by Ken Rolheiser
Understanding the Mystery of the Rosary

Our family rosary accompanied my ancestors from Russia to the Saskatchewan prairies, and its strong daily tradition impacted my mind from my earliest memories. Even if the hour was late when visitors left, we would kneel for the rosary before going to bed.

In the Middle Ages St Dominic began the practice of reciting 150 Our Fathers and Hail Marys so that lay people could have a religious prayer life corresponding to the daily religious Divine Office of 150 psalms.

The rosary does provide a daily prayer link to scripture in the mysteries of the rosary that recount the events in the life of Jesus and Mary. The Rosary is embraced by persons of all ages and faiths, including many Saints, some of whom have departed this earth.

I have shared many of Mary’s miracles in previous columns but wish to recall one as a reminder. I write this on October 13, the anniversary of the Miracle of the Sun, 1917, witnessed by thousands of journalists, lawyers and scientists, as well as many faithful. After that, everyone believed.

People wept and prayed with uncovered heads. God changed the movement of the sun to win our love. God also showed us at Fatima that children can change the world. And he showed us that we can trust Mary.

Now what is this simple prayer taught to children and how can we enjoy its blessings? It is a matter of meditating on Divine mysteries as we recite the prayers and count the beads. Reflecting on the stories of the incarnation and redemption will deepen our knowledge and love of Jesus Christ.

“How do we pray the rosary? Each rosary has a crucifix at the end of a short extension below the loop. Begin by holding the crucifix and making the sign of the cross.” The very first prayer of the rosary is the Apostle’s Creed. Then pray one Our Father, followed by three Hail Marys for the virtues of Faith, Hope and Charity, and end with a Glory Be (the Doxology).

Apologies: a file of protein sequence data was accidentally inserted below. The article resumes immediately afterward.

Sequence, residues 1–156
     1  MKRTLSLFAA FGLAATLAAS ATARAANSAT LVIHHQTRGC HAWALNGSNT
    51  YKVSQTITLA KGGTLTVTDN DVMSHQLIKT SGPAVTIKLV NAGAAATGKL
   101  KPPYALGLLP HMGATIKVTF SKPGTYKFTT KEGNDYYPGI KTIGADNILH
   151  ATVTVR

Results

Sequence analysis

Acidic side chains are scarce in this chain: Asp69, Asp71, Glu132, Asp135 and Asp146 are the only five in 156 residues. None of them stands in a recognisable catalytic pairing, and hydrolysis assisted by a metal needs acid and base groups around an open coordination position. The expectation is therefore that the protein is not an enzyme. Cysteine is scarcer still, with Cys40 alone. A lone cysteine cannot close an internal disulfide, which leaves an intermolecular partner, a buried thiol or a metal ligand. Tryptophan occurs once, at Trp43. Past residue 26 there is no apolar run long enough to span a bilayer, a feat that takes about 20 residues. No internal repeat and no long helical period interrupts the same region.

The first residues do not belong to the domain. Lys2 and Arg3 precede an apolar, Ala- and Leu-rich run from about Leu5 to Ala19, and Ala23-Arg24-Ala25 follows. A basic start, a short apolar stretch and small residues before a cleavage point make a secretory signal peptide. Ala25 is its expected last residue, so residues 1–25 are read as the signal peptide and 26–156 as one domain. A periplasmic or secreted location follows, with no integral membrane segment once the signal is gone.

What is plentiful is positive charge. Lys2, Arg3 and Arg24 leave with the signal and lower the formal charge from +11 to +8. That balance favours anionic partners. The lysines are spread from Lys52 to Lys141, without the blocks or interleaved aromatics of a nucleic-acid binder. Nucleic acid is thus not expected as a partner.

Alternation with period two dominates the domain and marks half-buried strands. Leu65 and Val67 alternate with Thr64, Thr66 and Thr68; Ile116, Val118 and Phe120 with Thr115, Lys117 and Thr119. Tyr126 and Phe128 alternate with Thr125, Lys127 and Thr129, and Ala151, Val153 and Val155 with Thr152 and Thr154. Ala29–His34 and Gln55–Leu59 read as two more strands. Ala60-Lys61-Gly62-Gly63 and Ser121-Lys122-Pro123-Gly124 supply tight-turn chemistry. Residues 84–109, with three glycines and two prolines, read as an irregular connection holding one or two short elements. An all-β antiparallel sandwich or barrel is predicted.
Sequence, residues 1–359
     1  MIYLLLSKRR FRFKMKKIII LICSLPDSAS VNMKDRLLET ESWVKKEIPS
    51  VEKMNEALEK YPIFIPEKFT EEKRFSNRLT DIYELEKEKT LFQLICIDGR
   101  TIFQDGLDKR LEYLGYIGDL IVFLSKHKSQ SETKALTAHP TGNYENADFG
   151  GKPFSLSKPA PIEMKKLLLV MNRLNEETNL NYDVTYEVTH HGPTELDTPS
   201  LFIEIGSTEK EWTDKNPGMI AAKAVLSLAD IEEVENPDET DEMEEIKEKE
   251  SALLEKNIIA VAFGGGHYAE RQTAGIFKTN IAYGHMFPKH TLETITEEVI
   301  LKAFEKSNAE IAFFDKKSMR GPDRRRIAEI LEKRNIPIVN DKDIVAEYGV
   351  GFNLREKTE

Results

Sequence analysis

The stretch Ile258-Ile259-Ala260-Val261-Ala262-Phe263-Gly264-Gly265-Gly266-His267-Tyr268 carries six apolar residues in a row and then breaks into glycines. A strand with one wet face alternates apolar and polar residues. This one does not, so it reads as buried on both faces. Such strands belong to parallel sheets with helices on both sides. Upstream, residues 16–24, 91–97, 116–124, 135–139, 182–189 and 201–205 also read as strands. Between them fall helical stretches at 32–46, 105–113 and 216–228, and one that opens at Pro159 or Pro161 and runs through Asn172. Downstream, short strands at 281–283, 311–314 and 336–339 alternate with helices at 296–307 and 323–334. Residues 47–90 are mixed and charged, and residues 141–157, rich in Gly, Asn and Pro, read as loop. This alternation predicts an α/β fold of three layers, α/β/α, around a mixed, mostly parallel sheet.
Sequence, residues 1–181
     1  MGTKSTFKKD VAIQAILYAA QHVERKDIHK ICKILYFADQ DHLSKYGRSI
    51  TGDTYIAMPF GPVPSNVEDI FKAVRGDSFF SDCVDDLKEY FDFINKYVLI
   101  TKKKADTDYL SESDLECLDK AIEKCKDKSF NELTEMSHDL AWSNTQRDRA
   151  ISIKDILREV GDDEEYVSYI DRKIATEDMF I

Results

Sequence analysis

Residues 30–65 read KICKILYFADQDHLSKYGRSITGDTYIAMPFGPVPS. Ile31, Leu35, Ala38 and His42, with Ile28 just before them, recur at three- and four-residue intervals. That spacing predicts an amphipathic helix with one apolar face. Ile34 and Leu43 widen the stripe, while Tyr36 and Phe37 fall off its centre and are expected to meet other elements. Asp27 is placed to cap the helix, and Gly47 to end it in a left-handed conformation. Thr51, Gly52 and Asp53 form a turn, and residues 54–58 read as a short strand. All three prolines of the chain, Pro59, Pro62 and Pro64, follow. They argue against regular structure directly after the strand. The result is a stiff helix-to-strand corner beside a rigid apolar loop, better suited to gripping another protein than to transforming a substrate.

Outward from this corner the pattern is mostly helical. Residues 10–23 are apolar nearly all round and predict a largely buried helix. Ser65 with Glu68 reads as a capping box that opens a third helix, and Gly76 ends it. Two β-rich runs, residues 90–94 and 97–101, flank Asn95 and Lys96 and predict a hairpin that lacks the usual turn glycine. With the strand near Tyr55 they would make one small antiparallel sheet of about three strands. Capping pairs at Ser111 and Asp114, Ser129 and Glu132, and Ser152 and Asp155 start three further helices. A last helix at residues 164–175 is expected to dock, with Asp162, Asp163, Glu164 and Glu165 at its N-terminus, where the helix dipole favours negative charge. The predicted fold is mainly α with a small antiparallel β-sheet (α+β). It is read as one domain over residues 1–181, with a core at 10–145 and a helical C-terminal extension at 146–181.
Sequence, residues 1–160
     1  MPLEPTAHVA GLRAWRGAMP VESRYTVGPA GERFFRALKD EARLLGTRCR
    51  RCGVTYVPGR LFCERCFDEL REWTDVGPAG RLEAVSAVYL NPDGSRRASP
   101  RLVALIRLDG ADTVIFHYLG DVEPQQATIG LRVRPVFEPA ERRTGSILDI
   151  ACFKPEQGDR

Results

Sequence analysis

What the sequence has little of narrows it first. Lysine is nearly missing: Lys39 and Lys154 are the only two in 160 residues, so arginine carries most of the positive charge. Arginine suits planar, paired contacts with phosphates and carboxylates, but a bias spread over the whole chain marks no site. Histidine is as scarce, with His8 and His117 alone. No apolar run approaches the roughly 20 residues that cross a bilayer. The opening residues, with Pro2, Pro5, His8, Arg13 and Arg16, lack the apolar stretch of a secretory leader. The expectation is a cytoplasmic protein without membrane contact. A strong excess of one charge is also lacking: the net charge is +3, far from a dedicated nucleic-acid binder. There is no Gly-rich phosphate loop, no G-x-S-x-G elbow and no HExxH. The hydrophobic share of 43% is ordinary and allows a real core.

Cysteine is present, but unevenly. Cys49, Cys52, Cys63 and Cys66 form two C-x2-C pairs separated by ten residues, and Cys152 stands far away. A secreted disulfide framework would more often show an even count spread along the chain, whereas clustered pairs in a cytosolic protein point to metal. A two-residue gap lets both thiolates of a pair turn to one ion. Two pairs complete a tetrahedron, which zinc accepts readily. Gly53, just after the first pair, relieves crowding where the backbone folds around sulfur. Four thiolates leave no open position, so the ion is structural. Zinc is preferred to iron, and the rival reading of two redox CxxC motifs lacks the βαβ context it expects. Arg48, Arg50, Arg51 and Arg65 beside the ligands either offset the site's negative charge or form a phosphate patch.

Then at the start of each decade of ten beads announce the mystery and pray the Our Father. Then pray a Hail Mary on each decade of ten small beads, ending with a Glory Be.

“During these decades it is customary to mediate on a “mystery” from the life of Christ. Tradition assigns different mysteries of the Rosary to each day of the week, but individual piety is not bound to it.” (Vova Sheychuk, “The Rosary: A complete guide to its origin and how to pray it”).

The Mysteries of the Rosary for Mondays and Saturdays
The Joyful Mysteries: The Annunciation, The Visitation, The Birth of Jesus, The Presentation of Jesus, The Finding of the Child Jesus in the Temple.

Tuesdays and Fridays
The Sorrowful Mysteries: The Agony of Jesus in the Garden, The Scourging at the Pillar, The Crowning with Thorns, The Carrying of the Cross, The Crucifixion.

Wednesdays and Sundays
The Glorious Mysteries: The Resurrection, The Ascension, The Descent of the Holy Spirit, The Assumption of Mary into Heaven; The Coronation of Mary as Queen of Heaven and Earth.

St. John Paul II added the Luminous Mysteries of the Rosary: The Baptism in the River Jordan, The Wedding Feast at Cana, The Preaching of the coming of the Kingdom of God, The Transfiguration, The Institution of the Holy Eucharist.

“The Rosary is my favorite prayer.” (St John Paul II). It helps us focus our attention on Divine Mysteries.

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